A North Carolina school choice advocacy group, Parents for Educational Freedom in N.C. (PEFNC), is targeting a Duke report that shredded the state’s voucher program, calling the university’s March report, among other things, “flawed” and “misleading.”
“The bottom line is this: We do not yet know how most scholarship students in North Carolina are performing on nationally standardized tests, and we do not know how scholarship students compare to other low-income students not using scholarships,” the group’s paper states.
The Duke report, released in March by the school’s Children’s Law Clinic, initially suggested the state’s voucher recipients were not performing as well as their public school peers, although the university later edited that portion, arguing instead that the state lacks sufficient data to draw that conclusion.
The controversial school choice program, launched in 2014, is supported by advocates who say the program will provide competition for traditional schools and offer another K-12 option for low-income students.
Yet critics, including the authors of the Duke report, say the program lacks sufficient accountability measures and diverts millions to primarily religious schools, some of which allegedly maintained anti-LGBTQ policies.
One key sticking point in the debate: State law allows private school leaders to choose from multiple standardized tests to assess voucher students’ program, making “apples-to-apples” comparisons with public school students difficult. Also, state law orders private schools to report testing data to the state only if they enroll more than 25 students. Yet the vast majority of private schools fall below that threshold.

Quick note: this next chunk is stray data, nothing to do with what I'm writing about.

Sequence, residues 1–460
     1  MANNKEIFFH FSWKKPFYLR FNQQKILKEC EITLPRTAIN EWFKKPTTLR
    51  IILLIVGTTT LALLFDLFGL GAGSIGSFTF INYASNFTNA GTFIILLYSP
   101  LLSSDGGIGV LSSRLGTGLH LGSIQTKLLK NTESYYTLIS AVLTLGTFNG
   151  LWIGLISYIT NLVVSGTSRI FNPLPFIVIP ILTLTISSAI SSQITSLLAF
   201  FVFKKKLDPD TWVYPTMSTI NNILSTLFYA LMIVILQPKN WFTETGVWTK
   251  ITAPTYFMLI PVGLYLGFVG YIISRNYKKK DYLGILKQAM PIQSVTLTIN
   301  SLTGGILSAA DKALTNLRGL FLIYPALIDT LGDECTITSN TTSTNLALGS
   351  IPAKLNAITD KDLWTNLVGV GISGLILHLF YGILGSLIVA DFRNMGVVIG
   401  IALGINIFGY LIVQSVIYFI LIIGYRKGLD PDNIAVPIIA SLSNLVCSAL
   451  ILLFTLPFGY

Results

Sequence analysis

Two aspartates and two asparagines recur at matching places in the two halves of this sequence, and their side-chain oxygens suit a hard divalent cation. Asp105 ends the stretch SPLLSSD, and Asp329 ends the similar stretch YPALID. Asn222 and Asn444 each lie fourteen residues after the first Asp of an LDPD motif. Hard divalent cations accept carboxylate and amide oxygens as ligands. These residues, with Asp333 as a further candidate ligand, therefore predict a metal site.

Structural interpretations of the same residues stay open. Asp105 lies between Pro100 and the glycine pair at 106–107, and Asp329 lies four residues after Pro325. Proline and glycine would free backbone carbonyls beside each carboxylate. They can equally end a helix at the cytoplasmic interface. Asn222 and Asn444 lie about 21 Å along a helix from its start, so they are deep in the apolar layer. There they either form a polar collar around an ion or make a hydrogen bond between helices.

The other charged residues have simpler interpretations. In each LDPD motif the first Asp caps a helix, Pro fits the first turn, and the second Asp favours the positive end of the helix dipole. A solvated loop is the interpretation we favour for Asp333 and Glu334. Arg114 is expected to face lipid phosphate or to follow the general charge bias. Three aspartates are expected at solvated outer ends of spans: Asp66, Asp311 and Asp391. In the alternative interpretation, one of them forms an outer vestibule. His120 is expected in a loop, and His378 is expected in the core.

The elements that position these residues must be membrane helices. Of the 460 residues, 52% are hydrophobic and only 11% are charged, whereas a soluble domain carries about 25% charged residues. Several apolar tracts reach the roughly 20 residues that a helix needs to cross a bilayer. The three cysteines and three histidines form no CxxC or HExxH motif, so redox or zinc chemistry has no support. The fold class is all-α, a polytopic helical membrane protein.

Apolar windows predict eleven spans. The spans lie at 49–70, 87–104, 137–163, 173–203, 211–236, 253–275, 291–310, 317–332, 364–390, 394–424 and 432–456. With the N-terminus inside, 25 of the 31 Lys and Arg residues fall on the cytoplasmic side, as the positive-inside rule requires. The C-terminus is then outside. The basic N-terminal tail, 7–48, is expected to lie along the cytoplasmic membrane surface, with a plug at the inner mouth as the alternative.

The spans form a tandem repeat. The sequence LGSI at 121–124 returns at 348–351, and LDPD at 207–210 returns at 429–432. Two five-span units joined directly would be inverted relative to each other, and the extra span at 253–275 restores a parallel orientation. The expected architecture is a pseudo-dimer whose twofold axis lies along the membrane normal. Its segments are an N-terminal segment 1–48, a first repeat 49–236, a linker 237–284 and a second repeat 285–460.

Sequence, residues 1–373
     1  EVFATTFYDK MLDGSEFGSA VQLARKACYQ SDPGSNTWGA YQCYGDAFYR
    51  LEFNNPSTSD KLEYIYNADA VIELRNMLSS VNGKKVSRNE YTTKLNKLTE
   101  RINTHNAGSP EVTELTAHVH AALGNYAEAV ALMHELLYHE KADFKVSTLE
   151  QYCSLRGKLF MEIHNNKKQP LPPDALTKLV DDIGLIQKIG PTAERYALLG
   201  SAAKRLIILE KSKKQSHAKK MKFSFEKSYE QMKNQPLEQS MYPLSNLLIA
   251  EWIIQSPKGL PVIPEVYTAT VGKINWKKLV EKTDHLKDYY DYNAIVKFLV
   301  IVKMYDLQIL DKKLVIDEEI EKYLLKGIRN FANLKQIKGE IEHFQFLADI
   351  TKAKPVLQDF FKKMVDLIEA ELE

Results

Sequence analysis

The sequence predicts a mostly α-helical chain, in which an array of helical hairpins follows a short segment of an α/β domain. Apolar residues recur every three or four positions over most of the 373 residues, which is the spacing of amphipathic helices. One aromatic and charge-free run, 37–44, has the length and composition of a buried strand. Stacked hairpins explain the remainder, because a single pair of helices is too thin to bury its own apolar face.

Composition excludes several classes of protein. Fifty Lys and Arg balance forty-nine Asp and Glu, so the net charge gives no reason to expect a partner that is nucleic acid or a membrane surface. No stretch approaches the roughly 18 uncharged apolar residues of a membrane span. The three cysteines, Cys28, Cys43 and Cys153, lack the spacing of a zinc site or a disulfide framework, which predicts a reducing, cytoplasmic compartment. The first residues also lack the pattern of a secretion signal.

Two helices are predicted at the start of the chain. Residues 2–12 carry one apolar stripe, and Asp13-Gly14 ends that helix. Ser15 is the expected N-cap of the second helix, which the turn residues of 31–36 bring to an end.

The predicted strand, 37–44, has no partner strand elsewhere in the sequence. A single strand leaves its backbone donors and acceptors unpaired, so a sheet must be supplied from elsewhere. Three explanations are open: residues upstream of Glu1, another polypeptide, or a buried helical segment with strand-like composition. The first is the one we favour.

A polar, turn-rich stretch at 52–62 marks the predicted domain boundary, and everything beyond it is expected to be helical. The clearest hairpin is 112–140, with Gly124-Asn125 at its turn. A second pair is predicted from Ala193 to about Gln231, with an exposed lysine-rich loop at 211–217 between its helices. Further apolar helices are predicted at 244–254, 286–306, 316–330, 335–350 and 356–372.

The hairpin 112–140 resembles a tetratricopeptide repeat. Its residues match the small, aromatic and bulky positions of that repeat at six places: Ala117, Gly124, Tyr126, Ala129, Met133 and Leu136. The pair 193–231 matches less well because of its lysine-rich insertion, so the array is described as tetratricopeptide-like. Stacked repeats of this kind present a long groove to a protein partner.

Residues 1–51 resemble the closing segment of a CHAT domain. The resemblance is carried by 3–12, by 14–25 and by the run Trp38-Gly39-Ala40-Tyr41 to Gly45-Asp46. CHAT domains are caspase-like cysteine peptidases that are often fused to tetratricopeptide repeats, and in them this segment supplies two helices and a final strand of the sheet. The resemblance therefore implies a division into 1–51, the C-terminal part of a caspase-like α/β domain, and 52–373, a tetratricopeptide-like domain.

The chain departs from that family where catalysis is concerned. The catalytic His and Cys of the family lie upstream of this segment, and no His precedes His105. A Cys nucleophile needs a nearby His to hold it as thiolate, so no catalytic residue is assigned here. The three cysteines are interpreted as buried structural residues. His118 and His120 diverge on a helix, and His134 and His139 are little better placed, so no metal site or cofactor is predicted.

Efforts to inject new accountability measures for the so-called Opportunity Scholarship Program did not survive House and Senate budget negotiations last month.
But, as The News & Observer reported in May, a study led by researchers at N.C. State University aims to make comparisons using voucher students and public school students who volunteered to take a short version of a standardized test.
“We are releasing this paper now to set the record straight,” PEFNC President Darrell Allison said in a statement Thursday. “Data to date offer no evidence that Opportunity Scholarships are unlikely to improve low-income students’ outcomes in North Carolina.”
The group argued this week that most academic research indicates such voucher programs are beneficial to students, although critics note the results have been mixed or poor.
On Friday, Jane Wettach, the report’s author and director of the Children’s Law Clinic, acknowledged a mistake in the original report, but called PEFNC’s paper this week an “overly dramatic statement.”
“I accept that criticism,” said Wettach. “In fact, I have issued a correction. But I don’t think they really found any research that is in any way flawed. All the data in the report was accurate.”
Wettach also took issue with PEFNC’s curation of supporting research in its report, which suggested private school voucher programs nationwide have, by and large, been a boon to students’ growth.
“I will completely stick to my position that, on the whole, the research does not support that voucher students make any significant gains,” she added.
And if North Carolina wants to create fair comparisons of data on voucher students, the state will need to require one standardized test for voucher students, Wettach said, although she acknowledged that could be tricky given tests adhere to a standard course of study in public schools that are not required of North Carolina private schools.
“We do seem to disagree on what is sufficient accountability,” Wettach said. “My report suggests we do not have sufficient accountability. Their paper seems to suggest that what we have is enough to get us what we need.”
This week’s paper from PEFNC comes roughly two weeks after new data mark a rocky transition to private schools for voucher recipients in Louisiana and Indiana.
Despite the controversy, state lawmakers plan to expand the voucher program by $10 million annually over the next decade. This year, the program is slated to take in almost $45 million in state funding.